A grid microprocessor unit 20 is utilized to store an on-board grid database and to process the periodically received planetary and celestial data signals. The grid microprocessor unit 20 utilizes on-board grid database 20a in conjunction with an autonomous grid pictures unit 20b to autonomously grid the pictures using offset data produced by the on-board satellite attitude and ephemeris prediction microprocessor, unit 18d. These gridded images can then be sent directly to data users. A ground operations unit 22 which comprises a relay of solutions to ground unit 22a, an optional solution quality monitoring unit 22b and a solution override unit 22c, receives data about the spacecraft attitude from the spacecraft attitude and ephemeris prediction microprocessor 18d. The update solution predictions are relayed to a ground operations which can monitor the solution quality and override it if necessary.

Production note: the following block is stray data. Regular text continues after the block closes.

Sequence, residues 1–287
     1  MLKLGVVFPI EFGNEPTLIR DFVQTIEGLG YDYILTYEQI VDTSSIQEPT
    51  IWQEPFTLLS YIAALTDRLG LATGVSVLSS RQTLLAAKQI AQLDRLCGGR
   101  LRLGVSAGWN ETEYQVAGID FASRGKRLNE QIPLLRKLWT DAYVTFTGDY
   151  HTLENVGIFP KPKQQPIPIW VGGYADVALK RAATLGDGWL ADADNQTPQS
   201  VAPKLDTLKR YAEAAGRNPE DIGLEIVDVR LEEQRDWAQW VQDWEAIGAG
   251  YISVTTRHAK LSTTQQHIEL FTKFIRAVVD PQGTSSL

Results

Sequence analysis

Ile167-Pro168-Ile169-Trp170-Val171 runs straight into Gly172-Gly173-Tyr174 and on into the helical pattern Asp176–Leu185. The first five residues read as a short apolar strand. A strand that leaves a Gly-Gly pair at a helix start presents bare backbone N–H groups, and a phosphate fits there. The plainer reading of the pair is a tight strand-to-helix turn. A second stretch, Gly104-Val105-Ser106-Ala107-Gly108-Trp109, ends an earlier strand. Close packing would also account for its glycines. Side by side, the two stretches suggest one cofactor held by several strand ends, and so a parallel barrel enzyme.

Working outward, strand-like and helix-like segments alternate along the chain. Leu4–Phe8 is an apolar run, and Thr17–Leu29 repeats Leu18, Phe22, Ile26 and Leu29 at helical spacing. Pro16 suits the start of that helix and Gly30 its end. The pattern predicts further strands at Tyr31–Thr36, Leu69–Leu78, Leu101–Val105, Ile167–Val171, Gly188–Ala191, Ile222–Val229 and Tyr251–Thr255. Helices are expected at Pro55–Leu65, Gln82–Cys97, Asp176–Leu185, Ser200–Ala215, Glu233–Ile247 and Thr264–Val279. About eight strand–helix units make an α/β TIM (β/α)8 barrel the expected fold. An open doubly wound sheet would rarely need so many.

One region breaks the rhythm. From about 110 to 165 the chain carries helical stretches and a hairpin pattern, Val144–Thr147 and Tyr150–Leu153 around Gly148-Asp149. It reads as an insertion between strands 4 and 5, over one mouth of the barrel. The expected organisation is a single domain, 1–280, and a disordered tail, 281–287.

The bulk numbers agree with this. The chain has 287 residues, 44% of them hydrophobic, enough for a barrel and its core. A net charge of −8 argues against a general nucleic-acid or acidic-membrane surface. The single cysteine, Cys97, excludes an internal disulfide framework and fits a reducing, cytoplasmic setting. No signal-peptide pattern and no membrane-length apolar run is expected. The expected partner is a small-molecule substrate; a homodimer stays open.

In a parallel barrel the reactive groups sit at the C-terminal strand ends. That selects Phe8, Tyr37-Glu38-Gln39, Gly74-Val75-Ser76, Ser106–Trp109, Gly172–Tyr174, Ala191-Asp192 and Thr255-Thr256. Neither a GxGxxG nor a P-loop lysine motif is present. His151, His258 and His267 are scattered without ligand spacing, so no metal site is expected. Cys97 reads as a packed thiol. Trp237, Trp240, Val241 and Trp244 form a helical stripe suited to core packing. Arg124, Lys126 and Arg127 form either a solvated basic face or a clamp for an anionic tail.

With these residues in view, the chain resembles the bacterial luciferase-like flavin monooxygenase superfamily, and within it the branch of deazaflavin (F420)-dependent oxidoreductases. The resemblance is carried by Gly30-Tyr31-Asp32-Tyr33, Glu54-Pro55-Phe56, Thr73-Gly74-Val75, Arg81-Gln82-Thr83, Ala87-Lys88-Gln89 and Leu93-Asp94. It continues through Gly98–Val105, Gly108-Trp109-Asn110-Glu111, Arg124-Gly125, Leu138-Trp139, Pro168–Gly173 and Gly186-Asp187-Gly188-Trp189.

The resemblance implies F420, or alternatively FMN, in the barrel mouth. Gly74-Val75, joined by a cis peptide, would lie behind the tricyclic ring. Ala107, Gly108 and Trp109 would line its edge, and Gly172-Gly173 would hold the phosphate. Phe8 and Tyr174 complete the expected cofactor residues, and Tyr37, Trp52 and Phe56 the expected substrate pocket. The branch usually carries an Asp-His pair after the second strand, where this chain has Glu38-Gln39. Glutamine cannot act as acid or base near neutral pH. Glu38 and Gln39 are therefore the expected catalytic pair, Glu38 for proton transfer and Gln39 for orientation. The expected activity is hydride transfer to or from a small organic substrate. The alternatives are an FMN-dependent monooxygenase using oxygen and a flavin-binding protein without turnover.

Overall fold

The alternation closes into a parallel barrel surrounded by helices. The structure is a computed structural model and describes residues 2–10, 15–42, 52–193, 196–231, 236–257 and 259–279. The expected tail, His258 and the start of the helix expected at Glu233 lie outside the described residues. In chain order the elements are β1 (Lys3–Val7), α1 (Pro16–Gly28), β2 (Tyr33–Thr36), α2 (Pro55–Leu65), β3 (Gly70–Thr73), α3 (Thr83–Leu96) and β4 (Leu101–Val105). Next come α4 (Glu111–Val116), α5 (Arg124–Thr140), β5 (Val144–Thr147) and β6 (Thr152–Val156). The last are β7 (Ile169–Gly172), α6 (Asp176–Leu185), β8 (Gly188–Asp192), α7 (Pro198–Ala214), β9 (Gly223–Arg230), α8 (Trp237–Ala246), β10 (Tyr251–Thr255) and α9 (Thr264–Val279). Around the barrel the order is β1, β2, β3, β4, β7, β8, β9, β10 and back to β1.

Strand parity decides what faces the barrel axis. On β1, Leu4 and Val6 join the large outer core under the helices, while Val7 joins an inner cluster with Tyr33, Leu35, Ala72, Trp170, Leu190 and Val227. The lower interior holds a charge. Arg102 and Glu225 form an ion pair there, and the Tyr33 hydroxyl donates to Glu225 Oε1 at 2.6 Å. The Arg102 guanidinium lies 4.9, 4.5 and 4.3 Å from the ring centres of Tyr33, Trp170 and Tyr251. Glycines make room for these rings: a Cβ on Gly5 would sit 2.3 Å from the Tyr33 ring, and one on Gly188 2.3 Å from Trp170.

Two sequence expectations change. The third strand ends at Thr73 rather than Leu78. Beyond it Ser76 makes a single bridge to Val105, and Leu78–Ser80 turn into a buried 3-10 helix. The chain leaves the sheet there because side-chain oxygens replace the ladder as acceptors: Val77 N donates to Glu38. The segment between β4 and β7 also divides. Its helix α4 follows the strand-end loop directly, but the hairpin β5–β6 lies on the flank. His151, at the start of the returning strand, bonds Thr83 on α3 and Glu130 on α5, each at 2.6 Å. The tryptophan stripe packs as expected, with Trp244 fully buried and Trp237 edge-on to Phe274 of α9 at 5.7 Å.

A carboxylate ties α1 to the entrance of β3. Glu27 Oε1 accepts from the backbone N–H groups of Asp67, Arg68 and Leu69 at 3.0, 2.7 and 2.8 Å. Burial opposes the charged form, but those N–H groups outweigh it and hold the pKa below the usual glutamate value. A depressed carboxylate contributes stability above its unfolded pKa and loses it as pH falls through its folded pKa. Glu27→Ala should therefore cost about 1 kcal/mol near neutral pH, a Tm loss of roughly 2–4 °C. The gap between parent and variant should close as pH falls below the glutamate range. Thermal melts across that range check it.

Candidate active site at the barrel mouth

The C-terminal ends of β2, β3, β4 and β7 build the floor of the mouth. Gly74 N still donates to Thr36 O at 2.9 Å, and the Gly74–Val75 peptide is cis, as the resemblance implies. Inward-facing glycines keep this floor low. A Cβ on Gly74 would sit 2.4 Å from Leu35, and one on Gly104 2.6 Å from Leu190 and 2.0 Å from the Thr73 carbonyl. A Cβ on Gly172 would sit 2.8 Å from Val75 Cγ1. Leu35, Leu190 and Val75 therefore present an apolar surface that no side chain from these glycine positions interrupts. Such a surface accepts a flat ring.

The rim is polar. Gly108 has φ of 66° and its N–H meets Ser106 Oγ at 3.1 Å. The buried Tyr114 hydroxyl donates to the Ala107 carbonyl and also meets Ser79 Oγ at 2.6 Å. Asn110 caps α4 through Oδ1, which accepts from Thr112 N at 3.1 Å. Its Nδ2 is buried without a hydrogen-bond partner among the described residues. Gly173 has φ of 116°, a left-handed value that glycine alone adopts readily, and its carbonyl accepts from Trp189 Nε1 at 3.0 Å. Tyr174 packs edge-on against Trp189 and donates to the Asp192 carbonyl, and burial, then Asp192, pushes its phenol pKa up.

The surveying satellite apparatus with an on-board attitude and ephemeris solution microprocessor operates in the following manner. It is utilized to catalog and store the coordinates and expected brightnesses of artificial lights on the surface of a planet and/or shapes of landmarks in an on-board computer (i.e., microprocessor) database. It uses the electro-optical planet imaging sensor to detect lights at night or landmarks during the day. The on-board microprocessor is used to predict the location of these lights and/or landmarks and periodically compare the location of this predicted data with realtime sensor images. The prediction is accomplished by using the last iterative solution of the satellite's previous position, velocity and time elapsed since the last onboard solution of satellite velocity. A few very bright lights (e.g. from large cities) can be used at night for gross location solutions, and many dimmer, smaller nearby lights can be used for precise determination of the onboard navigation and attitude solutions. The onboard microprocessor is used to analyze apparent shifts in the location of the landmarks, and determine the satellite ephemeris. During the day, another option is to use landmark pattern recognition chips. In addition, the last satellite attitude solution, and an onboard model of the new satellite attitude is used in conjunction with the navigation prediction to estimate the sensor field of view and orientation at a later time, along with the associated calculated city light and landmark locations within the field of view. The on-board microprocessor autonomously determines whether the realtime images have a significant amount of obscuration by planet clouds, and automatically rejects any obscured data. The onboard microprocessor is programmed to periodically determine if some minimum number and location of lights and/or landmarks are visible in a particular picture, such as three areas on the ground sufficiently separated in two dimensions, and to use this information to update the onboard navigation solution. If there is a clear enough view of lights and/or landmarks, the onboard microprocessor compares the latest real-time images with the stored onboard data base, and determines the differences between the projected sensor attitude and satellite navigation solutions and the latest real time observation. The microprocessor automatically determines which landmarks are visible by simple match/no match criteria. Based on this comparison, the onboard microprocessor automatically uses any data determined to meet the programmed visibility threshold requirements to update the satellite attitude and ephemeris onboard projected solutions independent of ground control or intervention. The size of the onboard global data base and the frequency of the update process is determined by the probability of obscuration and the required accuracy of the navigation and attitude determination solutions with respect to the pixel size of the electro-optical sensor. The microprocessor can also be used to automatically grid downlinked images with geopolitical boundaries or other coordinates superimposed thereon. In the onboard database, grid points are imbedded into the expected geographical images, e.g., along expected land/sea and country border boundaries. After the onboard microprocessor determines that there is a good navigation/attitude solution, i.e., that offsets have been found so that the city light centroids in the just recorded picture match their locations in the onboard data base, then those geopolitical grid points can be superimposed on the appropriate picture pixels prior to transmission to the ground. The ground stations, when they are operating, can monitor and verify the spacecraft autonomous navigation operation, and override the on-board spacecraft attitude and navigation solutions, using a ground computer and transmitter, if desirable or necessary.